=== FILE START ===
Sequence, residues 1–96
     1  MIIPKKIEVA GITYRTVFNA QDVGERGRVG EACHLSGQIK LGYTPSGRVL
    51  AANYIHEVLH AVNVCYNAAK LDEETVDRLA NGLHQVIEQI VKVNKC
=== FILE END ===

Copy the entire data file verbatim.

Sequence, residues 1–96
     1  MIIPKKIEVA GITYRTVFNA QDVGERGRVG EACHLSGQIK LGYTPSGRVL
    51  AANYIHEVLH AVNVCYNAAK LDEETVDRLA NGLHQVIEQI VKVNKC